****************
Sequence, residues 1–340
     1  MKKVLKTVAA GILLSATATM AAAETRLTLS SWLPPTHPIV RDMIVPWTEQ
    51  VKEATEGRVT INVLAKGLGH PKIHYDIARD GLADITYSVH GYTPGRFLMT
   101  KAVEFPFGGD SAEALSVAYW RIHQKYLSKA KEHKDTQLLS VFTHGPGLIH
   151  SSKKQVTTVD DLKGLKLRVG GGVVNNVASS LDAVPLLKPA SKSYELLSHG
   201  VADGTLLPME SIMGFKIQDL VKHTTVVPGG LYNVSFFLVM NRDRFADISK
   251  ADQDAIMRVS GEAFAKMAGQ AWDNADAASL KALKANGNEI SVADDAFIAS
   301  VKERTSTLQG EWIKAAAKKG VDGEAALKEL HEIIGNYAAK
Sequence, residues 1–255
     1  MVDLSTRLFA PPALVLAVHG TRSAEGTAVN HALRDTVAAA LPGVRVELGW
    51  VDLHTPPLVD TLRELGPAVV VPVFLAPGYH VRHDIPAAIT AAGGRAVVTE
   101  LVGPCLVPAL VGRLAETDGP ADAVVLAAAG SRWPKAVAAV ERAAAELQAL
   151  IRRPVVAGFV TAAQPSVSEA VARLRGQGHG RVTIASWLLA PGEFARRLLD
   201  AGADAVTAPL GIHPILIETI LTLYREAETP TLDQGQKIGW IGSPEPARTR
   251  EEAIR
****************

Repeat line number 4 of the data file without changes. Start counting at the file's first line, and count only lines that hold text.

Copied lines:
   101  KAVEFPFGGD SAEALSVAYW RIHQKYLSKA KEHKDTQLLS VFTHGPGLIH